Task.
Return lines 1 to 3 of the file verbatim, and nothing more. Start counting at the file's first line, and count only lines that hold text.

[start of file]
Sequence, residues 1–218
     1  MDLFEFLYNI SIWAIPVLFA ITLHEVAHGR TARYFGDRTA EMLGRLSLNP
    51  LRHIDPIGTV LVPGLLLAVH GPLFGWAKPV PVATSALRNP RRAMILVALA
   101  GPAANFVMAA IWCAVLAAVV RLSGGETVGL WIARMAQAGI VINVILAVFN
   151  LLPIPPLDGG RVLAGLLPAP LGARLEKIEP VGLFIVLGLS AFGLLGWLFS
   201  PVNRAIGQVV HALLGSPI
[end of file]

Sequence, residues 1–218
     1  MDLFEFLYNI SIWAIPVLFA ITLHEVAHGR TARYFGDRTA EMLGRLSLNP
    51  LRHIDPIGTV LVPGLLLAVH GPLFGWAKPV PVATSALRNP RRAMILVALA